Increased Ag Technology and Sustainability

Technology is already on on the farm, but during the next decade, farmers will likely embrace ag tech like never before. I read an interesting article on PrecisionAg this morning called "10 Bold Predictions for Precision Agriculture." One point in particular stood out to me: PrecisionAg predicted sustainability would increasingly drive technology use. I couldn't agree more. 

We live in an age of wild weather, shrinking margins of profitability, increased governmental regulation, and greater consumer awareness of and interest in their food. Sustainability has gone from just being hip to being necessary to survive. Sustainable agricultural practices can take different forms:

  • Hops and wine grape growers may use drip irrigation systems controlled by computer systems reliant on data from weather stations, GPS data, and weather prediction models. Reducing the water used while increasing output makes a craft operation more sustainable. 
  • Sustainability on livestock farms involves traceability, water quality, consumer health, animal health, and transportation. Precision livestock farming will make it possible to implement real time herd management practices. New information technology tools will provide tools for data acquisition and handling. This technology will include sensory tools (extra eyes and ears on the animals), data handling and storage capabilities, decision-making support models (extra brains to make real time decisions), and robotic implementation of routine actions. Dairy farms are already using robotics to milk cows. 
  • Genetically modified crops and animals will be used to increase food production without increasing the burden on the planet. There are about 7.4 billion people on the earth; projected to grow to 9.8 billion in 34 years. About 800 million of us are malnourished. Harnessing the scientific power of the GM process will create more food using less inputs (water, energy, feed, antibiotics, fertilizer, etc.). As Dr. Peter Raven recently wrote: it is time to move beyond the GMO controversy and take advantage of scientific progress. The GM process mimics natural breeding processes to create bigger, healthier, faster growing food sources. We need to embrace it.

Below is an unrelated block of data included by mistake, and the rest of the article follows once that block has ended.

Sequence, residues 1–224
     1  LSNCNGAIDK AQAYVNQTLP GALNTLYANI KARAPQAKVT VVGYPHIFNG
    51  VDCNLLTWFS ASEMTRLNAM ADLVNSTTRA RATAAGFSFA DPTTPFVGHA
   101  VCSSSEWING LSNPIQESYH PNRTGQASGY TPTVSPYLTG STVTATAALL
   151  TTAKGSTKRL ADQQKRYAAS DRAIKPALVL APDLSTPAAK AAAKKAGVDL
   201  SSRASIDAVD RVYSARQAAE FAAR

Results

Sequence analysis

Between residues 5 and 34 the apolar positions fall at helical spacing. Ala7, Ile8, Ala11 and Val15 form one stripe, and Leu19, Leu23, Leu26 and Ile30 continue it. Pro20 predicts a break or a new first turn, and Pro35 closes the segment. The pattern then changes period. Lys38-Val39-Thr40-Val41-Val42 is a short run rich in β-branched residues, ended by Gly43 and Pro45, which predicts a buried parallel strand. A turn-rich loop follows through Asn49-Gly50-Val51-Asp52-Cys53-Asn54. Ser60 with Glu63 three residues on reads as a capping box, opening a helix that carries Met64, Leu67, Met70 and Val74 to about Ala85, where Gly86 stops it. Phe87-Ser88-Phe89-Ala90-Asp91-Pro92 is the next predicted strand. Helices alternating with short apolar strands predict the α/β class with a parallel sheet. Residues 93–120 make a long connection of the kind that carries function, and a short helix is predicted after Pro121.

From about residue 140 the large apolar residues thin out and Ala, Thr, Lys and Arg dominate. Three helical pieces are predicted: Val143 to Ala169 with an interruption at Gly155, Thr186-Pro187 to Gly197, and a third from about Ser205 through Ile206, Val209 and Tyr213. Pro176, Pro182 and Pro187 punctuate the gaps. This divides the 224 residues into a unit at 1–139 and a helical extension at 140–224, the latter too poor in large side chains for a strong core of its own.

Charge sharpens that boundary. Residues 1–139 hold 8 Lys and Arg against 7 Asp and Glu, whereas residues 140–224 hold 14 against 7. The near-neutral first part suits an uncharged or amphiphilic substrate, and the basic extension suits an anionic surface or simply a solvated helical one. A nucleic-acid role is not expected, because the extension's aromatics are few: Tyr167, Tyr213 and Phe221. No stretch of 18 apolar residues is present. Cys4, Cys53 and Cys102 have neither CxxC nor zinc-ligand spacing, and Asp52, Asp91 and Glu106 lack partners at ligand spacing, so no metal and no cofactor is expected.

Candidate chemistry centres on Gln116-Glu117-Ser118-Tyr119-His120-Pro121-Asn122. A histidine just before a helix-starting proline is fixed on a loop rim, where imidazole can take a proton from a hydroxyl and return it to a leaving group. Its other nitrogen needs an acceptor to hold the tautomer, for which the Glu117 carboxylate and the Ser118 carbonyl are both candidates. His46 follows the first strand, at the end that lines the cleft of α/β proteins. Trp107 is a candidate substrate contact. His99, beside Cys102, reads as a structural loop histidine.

• More and more energy needs on the farm can be met through sustainable practices. Solar and wind power are becoming prevalent in rural areas. Tax benefits encourage the use of renewable resources. An increasing number of farmers can add to their income by harvesting wind or solar power. Many farmers and ranchers already are growing corn to produce ethanol in accordance with Congressional mandates. Large-scale farms may use methane digesters to convert gases from manure to usable energy. Truck fleets that rely on renewable resources make transportation of inputs (feed, fertilizer) and output (corn, milk, pork) more environmentally friendly. 
  • High-tech nutrient management systems coupled with hands-on sustainable practices like crop rotation, no-till techniques, cover crops, and crop diversity help establish a sustainable production system. Management of the soil will enhance and protect soil quality.
  • Consumer demand will drive sustainable practices in agriculture. As consumers -- especially large ones like McDonalds or Walmart -- request and require producers to meet environmental standards, farmers will find ways to become more sustainable. Many changes will be brought about by consumer demands, not governmental policies.

These are, of course, just a smattering of the sustainable agricultural technologies available today. The future of sustainable ag technology will be limited only by our imaginations. I, for one, can't wait.